….on either side of that hill he drew a cross trench of about four hundred paces, and at the extremities of that trench built forts, and placed there his military engines…
[Caes. Gal.2.8]
This suggests something district from a typical fort in the sense of fortified camp, used as a base for artillery, perhaps the same is true of the for the “fort” commanded by Titurius built to guard a bridge, [Caes. Gal.2.9]. Another clear distinction comes during the siege of Alesia.
The circuit of that fortification, which was commenced by the Romans, comprised eleven miles. The camp was pitched in a strong position, and twenty-three redoubts were raised in it, in which sentinels were placed by day, lest any sally should be made suddenly; and by night the same were occupied by watches and strong guards. 
[Caes. Gal.7.69], 
These "redoubts" are distinct from camps and the main fortifications, but are clearly capable of housing significant numbers of troops, as is clear from their role during the climatic battles to break the siege.
But Marcus Antonius, and Caius Trebonius, the lieutenants, to whom the defense of these parts had been allotted, draughted troops from the redoubts which were more remote, and sent them to aid our troops, in whatever direction they understood that they were hard pressed.
Caes. Gal.7.81]
After renewing the action, and repulsing the enemy, he marches in the direction in which he had sent Labienus, drafts four cohorts from the nearest redoubt, and orders part of the cavalry to follow him,
[Caes. Gal.7.87] 
Later in the campaign in Gaul during initial siege of Uxellodunum by Caninius, he distributes his troops in strong points, having insufficient forces to completely surround the town.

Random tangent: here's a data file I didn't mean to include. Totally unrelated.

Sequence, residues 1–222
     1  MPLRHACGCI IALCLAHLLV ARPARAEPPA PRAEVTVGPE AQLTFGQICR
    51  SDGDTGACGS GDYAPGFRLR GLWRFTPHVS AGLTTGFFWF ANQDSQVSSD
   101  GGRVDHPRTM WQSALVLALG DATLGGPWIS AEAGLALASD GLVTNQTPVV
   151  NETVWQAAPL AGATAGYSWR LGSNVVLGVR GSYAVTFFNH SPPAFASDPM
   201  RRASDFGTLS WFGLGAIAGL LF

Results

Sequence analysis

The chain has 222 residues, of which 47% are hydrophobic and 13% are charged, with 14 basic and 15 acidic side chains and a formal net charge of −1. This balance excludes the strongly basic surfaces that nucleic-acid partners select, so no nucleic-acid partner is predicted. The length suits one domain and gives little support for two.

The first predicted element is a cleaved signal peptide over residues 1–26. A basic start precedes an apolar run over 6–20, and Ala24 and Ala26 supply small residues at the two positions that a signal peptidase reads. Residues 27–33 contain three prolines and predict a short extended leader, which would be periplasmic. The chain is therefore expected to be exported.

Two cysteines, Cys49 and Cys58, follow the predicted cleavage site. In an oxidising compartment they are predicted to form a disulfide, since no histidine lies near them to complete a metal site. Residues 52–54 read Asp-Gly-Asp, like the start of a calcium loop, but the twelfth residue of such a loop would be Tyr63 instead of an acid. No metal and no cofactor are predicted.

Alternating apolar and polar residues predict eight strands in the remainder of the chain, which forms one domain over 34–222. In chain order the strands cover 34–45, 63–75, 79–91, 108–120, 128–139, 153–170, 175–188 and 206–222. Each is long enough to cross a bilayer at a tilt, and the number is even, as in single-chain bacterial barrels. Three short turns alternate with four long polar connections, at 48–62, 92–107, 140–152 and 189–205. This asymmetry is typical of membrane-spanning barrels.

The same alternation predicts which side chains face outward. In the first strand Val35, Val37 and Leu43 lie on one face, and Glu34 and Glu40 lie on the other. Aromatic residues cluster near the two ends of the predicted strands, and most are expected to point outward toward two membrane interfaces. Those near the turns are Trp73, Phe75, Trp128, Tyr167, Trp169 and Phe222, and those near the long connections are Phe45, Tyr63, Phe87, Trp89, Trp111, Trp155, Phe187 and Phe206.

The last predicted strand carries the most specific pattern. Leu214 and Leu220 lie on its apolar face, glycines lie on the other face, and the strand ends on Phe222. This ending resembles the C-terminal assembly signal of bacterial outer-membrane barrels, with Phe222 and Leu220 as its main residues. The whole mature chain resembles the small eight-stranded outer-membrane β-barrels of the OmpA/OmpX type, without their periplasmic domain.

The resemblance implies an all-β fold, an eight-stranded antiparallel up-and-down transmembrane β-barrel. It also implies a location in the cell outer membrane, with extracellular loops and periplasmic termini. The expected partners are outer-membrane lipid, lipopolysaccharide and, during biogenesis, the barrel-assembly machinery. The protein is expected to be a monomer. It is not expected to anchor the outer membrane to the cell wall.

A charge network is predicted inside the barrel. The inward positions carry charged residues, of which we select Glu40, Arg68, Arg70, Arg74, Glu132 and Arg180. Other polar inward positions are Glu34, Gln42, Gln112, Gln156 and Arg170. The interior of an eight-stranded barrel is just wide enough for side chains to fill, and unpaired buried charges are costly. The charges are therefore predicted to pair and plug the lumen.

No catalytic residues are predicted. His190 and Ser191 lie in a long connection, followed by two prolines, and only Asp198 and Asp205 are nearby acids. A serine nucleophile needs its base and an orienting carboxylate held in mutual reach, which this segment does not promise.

Sometimes also attacks were made on our little forts by sallies at night. For this reason Caninius deferred drawing his works round the whole town, lest he should be unable to protect them when completed, or by disposing his garrisons in several places, should make them too weak.
[Caes. Gal. 8.34]
Caninius instantly with the ready-armed cohorts from the nearest turrets made an attack on the convoy at the break of day
[Caes. Gal. 8.35]
As at Alesia, we see numbers of troops can be housed in these particular installations which seem to be distinct from our traditional view of Roman camps and forts. Although the basic construction method may have been similar, to that used to build ramparts.

Further linguistic pitfalls
Everywhere archaeologists have looked in recent years, lines of double postholes have been found behind the ditches on both the  Hadrianic and the Antonine frontier, from which is possible to reverse engineer a timber rampart.   I have argued that these features represent a core of posts around which layers of horizontal timbers were knitted.  While it is not a primary consideration, as this is deductive reasoning, it is also entirely consistent with other sources of information about military architecture. 
The key feature of these types of structure is the use of double post pits; it might be assumed this is the simplest and quickest method of construction for soldiers working in small teams, whose principle tool was a similar to a mattock [lingo / dolabra].
I have already drawn attention to the regular layout of these features, although, notwithstanding they have been robbed, the variation in size suggests that they were also dug to suit individual pieces of timber.
In Vitruvius we find a description of how to build a Ballista; the key information is given as proportions; scale is a matter of circumstances.[7]   It has certainly been a working hypothesis that the engineering of this type of structure would be based around a measured systems or modules.
While it would be useful for understand this system, the existing sample represents a rather small disparate set of data. In addition, since most of the structure is invisible to archaeology, we cannot be sure of the significance of what can measure.